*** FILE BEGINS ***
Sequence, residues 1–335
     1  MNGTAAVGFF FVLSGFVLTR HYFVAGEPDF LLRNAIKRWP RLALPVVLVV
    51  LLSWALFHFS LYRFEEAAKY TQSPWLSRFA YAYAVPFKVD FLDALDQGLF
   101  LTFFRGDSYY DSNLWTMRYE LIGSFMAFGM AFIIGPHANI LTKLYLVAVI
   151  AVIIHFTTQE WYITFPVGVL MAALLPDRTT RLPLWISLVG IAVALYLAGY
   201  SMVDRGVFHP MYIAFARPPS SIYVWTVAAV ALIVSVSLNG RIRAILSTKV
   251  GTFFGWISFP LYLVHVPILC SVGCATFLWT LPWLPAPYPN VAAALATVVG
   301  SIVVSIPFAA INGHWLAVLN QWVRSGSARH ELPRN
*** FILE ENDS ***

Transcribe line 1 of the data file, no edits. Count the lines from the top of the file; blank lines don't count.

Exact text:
Sequence, residues 1–335